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ASP1984

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    "For God's sakes, Lemon. We'd all like to flee to the Cleve and club-hop down at the Flats and have lunch with Little Richard, but we fight those urges because we have responsibilities."

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  1. I honestly love the arched windows of those older buildings. Let's see more of them in new builds!
  2. Hats off to the developers for putting the cart before the horse. This strikes me as atypical, but not being one that works in commercial RE development, this could be normal for all I know. Curious to hear from folks working in the space - was this just a supremely stupid way for the developer to go about things? Or par for the course?
  3. Those pictures are enough to make me want to move back to Cleveland.
  4. Updated photos of the Bowery Development in Downtown Akron - its more than 50% complete, and must be live-in ready by end of November to retain eligibility for Historic Preservation Tax Credits. Progress is coming along nicely. https://www.ohio.com/news/20190803/akrons-downtown-bowery-restoration-taking-shape-with-new-apartments-retail-space
  5. Updated photos of the Bowery Development in Downtown Akron - its more than 50% complete, and must be live-in ready by end of November to retain eligibility for Historic Preservation Tax Credits. Progress is coming along nicely. https://www.ohio.com/news/20190803/akrons-downtown-bowery-restoration-taking-shape-with-new-apartments-retail-space
  6. Sounds like someone trying to phish your credit card number. Be careful out there everyone!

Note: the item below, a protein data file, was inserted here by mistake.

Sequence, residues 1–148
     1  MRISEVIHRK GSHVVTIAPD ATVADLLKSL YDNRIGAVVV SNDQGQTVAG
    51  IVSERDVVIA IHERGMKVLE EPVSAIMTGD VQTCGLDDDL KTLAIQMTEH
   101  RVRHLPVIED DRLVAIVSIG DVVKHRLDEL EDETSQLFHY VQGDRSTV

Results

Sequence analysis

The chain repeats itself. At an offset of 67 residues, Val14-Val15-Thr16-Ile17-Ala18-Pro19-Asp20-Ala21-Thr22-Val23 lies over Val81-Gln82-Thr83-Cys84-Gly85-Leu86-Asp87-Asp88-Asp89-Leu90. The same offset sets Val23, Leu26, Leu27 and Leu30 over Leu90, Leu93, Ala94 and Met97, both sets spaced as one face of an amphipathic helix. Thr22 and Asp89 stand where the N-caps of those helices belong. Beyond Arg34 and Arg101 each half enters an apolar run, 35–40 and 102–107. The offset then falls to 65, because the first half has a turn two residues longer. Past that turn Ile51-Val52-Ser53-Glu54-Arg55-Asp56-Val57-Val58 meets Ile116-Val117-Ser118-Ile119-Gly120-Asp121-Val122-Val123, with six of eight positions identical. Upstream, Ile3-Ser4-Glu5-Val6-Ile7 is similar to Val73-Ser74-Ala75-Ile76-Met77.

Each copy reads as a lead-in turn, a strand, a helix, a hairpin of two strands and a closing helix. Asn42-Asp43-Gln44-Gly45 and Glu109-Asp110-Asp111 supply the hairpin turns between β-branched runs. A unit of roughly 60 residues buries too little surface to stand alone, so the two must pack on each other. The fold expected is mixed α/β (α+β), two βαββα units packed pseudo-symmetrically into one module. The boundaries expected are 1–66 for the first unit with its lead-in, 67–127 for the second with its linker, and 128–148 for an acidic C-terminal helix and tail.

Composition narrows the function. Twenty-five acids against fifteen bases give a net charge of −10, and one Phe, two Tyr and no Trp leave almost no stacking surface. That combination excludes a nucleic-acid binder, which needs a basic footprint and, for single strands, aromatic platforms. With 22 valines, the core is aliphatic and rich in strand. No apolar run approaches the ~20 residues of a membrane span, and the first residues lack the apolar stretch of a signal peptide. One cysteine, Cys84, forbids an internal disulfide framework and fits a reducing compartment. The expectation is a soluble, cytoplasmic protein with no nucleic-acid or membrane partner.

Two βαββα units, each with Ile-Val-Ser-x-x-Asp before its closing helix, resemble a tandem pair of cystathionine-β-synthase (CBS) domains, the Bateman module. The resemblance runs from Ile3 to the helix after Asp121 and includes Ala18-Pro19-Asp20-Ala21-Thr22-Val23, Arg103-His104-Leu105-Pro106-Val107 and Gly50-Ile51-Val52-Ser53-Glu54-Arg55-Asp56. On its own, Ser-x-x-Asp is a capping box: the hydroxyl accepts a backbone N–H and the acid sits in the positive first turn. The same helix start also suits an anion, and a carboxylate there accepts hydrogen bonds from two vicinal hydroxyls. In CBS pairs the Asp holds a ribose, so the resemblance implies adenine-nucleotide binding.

7. Clevecane: just curious, but in what ways are they looking to "jump ahead?" Are they evaluating equipment-specific pilots on the distribution side? DER's + storage? Both? Would be curious to know, as well as the general geographic reach if that's something you're able to discuss. More broadly, I understand that Pitt Ohio is completing a microgrid for a trucking terminal in Parma this summer. Unique to see in Ohio, given the astronomical per watt cost and lack of state renewable incentives. Apparently companies are assigning increasing value to reliability and other grid firming services. https://microgridknowledge.com/renewable-energy-microgrid-trucking/
  8. Thinking about your question more though, the GLBC development on Scranton Peninsula could provide a great northern anchor opportunity for a separate microgrid west of the river, spanning between Scranton on the north to MetroHealth to the south along West 25th. Its a comparable distance as is being studied between East 55th and the river, with plenty of businesses in between. Also, MetroHealth is envisioning their campus expansion as an EcoDistrict, which is a great planning framework for microgrid development. https://ecodistricts.org/registered-districts/metrohealth-community-district/ They're both forward-thinking, sustainability minded companies with a big sway in town. Its fun to imagine what it would be like if the two entities ever found a way to work together.
  9. No worries - there's a lot to digest. Based on my understanding, microgrids are planned at the onset primarily around anchor load (i.e. think data centers, hospitals, companies with little tolerance for downtime) and then radiate out to encompass smaller customers usually involving high-priority community facilities or emergency shelters. The other constraint is legacy infrastructure / existing conditions (e.g. district heating or cooling systems, substations, existing distribution circuits and transmission lines) and their related real estate rights (i.e. primarily along public rights-of-way) and the relative ease with which one can build out a more streamlined, integrated set utilities (e.g. from gas lines and electrical conduits to water or broadband, or any combination thereof). My understanding is that legacy infrastructure from Cleveland Thermal aligns well with the study area, and that the river poses a natural boundary given that much of the infrastructure needs embedding underground. The CSU study took a stab at categorizing potential anchor tenants in this part of the city, as well as the existing infrastructure, and I'm sure the analysis leaves room to build on.